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The suicide of Amala Egana, about to be evicted from her home, has triggered a national revolt against bank practices and foreclosure laws in Spain.

The conservative government, which last month saw massive protests in Madrid taking aim at its austerity program, is now facing a country-wide revolt over Spain's draconian foreclosure practices. With four hundred thousand homes have already been repossessed and no end in sight, with vast numbers of people homeless and/or unemployed, and with 1,000,000 vacant units, it seems like people might just have had enough -- finally -- and the government is at least beginning to listen.

Spanish Economy Minister Luis de Guindos promised on Monday that no needy family will go homeless over mortgage arrears, responding to public fury at a homeowner's suicide as she was being evicted... In this situation, the government and the economy ministry ... has to take steps so that no family in good faith goes without a home. This is our commitment," he said.
Even Spain's own banksters are becoming afraid of what might happen...
Spain's banking association said its members would suspend eviction orders for two years for those borrowers worst hit by economic crisis and record unemployment...
Note the weasel words. (There are always weasel words). "no family in good faith..." "those borrowers worst hit..." (One needs little imagination to predict, as with mortgage modification programs in the United States, the endless documentation necessary in order for a family to demonstrate economic ruin, while in the meantime another department of the bank going through with an eviction.)

Spanish foreclosure law is insane, akin to debtor's prison:

Under Spanish law, even when borrowers turn over their homes to the bank, they still owe the entire amount of the mortgage.
It's no wonder people are just getting angrier and angrier. Those in need and those who see the need have come together, forming an organization known as STOP EVICTIONS. Besides taking on individual cases, they've already had an some effect nationwide:
The pressure by Stop Evictions and other groups led the government to ask banks earlier this year to forgive mortgage debt for properties worth less than 200,000 euros and where all family members are unemployed.
Here in the United States, having the government ask banks nicely to stop being cruel doesn't work, and I suspect it won't work in Spain. Ultimately, the government is going to have to choose between its people having a roof over their collective head and an austerity regime that has no bottom line other than Spain's credit rating.
Fans at a Primera Liga soccer match on Saturday protested about the fate of Egana, who killed herself in the Basque town of Barakaldo, and countless others who are losing their homes.

"They're not suicides. They're murders. The banks and politicians are accomplices. Stop the evictions!" read a banner held up by supporters of Rayo Vallecano, which plays in a working class district of Madrid.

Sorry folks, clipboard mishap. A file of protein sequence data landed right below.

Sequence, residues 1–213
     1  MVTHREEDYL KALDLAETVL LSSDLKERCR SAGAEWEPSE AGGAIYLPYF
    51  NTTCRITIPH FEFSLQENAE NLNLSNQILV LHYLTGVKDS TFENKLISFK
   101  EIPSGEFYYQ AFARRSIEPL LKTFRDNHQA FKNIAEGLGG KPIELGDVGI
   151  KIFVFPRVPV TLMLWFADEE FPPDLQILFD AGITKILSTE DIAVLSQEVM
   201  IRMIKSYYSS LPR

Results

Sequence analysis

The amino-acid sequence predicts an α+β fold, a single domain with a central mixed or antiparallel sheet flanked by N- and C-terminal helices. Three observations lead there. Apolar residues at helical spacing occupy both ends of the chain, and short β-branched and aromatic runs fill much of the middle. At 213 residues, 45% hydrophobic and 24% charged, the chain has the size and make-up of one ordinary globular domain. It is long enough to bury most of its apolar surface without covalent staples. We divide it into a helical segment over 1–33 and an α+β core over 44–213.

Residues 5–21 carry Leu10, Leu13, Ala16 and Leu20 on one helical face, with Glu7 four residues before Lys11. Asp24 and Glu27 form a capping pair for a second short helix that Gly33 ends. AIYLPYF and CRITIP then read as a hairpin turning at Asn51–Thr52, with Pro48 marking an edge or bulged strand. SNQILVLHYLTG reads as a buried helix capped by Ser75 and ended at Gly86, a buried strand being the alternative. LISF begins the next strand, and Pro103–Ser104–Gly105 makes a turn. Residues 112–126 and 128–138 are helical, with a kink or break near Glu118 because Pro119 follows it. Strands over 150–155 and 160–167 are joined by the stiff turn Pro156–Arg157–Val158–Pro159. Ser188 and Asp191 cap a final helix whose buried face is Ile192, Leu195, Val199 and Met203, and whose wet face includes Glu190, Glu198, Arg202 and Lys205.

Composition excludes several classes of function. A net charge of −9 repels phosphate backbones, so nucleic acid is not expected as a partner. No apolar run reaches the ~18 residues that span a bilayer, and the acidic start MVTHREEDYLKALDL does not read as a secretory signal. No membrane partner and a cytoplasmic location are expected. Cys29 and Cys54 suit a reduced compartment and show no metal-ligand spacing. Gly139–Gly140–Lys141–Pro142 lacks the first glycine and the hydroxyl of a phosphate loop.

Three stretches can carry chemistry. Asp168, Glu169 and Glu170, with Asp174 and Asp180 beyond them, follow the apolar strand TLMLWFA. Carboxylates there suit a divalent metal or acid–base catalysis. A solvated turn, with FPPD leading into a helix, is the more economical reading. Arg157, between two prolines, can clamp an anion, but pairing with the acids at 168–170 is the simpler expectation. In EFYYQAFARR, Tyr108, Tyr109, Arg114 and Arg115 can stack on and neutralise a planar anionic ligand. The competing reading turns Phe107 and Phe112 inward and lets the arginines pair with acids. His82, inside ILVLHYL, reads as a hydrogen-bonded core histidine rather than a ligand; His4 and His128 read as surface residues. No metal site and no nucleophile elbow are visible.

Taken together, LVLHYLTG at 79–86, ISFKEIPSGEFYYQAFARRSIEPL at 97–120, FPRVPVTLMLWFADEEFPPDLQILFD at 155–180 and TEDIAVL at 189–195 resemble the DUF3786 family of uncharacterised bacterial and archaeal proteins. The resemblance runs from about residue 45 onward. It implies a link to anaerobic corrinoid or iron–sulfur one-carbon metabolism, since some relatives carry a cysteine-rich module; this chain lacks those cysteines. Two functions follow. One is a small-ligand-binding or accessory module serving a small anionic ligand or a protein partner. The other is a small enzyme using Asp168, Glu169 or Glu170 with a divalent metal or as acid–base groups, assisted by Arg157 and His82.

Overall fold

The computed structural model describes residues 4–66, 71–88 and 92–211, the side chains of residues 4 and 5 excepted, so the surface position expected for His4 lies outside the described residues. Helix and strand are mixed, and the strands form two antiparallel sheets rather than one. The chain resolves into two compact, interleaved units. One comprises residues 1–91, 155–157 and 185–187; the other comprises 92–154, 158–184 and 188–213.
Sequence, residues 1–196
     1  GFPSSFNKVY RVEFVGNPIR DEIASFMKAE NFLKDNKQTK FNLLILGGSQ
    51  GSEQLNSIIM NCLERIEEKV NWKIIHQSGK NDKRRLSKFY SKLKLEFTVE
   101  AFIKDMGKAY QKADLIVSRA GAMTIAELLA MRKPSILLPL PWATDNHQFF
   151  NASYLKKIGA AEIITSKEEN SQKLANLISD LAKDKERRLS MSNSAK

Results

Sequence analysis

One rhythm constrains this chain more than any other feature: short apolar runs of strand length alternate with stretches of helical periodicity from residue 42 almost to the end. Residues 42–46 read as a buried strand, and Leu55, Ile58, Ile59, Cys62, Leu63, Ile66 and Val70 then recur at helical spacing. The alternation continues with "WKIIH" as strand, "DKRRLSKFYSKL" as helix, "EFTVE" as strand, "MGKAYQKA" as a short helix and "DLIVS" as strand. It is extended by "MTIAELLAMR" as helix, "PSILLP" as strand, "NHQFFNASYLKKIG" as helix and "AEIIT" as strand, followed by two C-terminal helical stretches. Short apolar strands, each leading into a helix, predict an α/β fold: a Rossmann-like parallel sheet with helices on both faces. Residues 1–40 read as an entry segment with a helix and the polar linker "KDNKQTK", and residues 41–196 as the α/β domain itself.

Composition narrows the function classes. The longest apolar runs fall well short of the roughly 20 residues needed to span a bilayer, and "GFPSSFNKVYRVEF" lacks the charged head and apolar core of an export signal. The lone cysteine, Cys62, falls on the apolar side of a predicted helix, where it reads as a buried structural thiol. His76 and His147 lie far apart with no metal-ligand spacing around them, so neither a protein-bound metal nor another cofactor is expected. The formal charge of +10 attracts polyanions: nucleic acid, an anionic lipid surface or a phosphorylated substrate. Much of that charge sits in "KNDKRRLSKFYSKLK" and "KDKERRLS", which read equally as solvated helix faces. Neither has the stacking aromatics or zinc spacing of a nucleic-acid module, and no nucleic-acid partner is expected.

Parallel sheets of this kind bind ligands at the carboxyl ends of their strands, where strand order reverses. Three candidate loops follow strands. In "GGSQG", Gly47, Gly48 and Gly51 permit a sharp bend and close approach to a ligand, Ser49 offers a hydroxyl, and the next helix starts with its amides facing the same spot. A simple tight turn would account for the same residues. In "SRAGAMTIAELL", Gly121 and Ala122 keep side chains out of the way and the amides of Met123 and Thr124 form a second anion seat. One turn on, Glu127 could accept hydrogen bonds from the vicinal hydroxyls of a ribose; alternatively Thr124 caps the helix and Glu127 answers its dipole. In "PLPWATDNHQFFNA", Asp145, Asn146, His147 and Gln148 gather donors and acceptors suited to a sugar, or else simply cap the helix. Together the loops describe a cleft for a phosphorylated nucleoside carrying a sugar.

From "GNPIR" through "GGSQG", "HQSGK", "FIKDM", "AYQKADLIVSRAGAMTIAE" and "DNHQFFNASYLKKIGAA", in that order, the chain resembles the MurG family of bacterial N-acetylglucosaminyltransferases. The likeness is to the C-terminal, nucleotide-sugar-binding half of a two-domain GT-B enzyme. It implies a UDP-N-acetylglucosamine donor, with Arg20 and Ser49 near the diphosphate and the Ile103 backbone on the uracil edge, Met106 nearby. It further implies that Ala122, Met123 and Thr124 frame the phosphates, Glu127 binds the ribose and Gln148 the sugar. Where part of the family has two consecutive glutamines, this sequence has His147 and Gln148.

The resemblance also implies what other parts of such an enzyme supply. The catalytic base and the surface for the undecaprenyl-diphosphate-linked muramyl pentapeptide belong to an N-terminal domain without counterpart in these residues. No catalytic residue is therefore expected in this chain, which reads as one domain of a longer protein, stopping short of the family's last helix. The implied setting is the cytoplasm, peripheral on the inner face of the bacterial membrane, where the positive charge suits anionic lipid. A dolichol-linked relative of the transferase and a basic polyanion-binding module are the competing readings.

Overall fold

The government may soon no longer have the choice.

-----

p.s. For the latest on Occupy Oakland's current eviction defense action, check out the #defendjodie series, keep up with that hash tag on twitter, and check out our webpage.

There are also notable eviction defenses going on at Ft. Hernandez and For Lucero in southern California.

Originally posted to jpmassar on Tue Nov 13, 2012 at 07:24 AM PST.

Also republished by Occupy Wall Street, ClassWarfare Newsletter: WallStreet VS Working Class Global Occupy movement, and Progressive Policy Zone.

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Comment Preferences

  •  Talk about the banks raking it in.... they can (2+ / 0-)
    Recommended by:
    jpmassar, TheHalfrican

    still collect from the person evicted and sell the property again.  Getting paid twice for the same property at the same time, what a deal!!  Assholes......

  •  "Recourse" states exist in the US too. (4+ / 0-)
    Recommended by:
    jpmassar, shrike, Sparhawk, johnny wurster
    Under Spanish law, even when borrowers turn over their homes to the bank, they still owe the entire amount of the mortgage.
    Connecticut: COMPARISON OF STATE LAWS ON MORTGAGE DEFICIENCIES AND REDEMPTION PERIODS
    When a lender forecloses on a mortgage, the debt often exceeds the amount that the lender recovers through the foreclosure sale. In states classified as “non-recourse,” the lender cannot seek a judgment against the debtor to recover the deficiency. “Recourse” states allow lenders to seek a deficiency judgment against the debtor.

    It is difficult to classify states as strictly recourse or non-recourse. Almost all states allow deficiency judgments under certain conditions, for certain types of property or foreclosure proceedings. However, many states restrict not only the conditions under which deficiency judgments are allowed but the maximum recovery for the creditors. Based on information compiled by the National Consumer Law Center (NCLC), at least 10 states can be generally classified as non-recourse for residential mortgages: Alaska, Arizona, California, Hawaii, Minnesota, Montana, North Dakota, Oklahoma, Oregon, and Washington. Recent legislation also makes Nevada non-recourse in most cases for residential purchasers for mortgages obtained on or after October 1, 2009.

    State laws also vary regarding the time in which a debtor may redeem a mortgage default. To varying degrees, all states allow debtors to cure defaults before a property is sold through the foreclosure process. However, many states, under various conditions, allow debtors to redeem even after the foreclosure sale.

    -7.75 -4.67

    "Freedom's just another word for nothing left to lose."

    There are no Christians in foxholes.

    by Odysseus on Tue Nov 13, 2012 at 08:11:16 AM PST

    •  In Spain... (1+ / 0-)
      Recommended by:
      Odysseus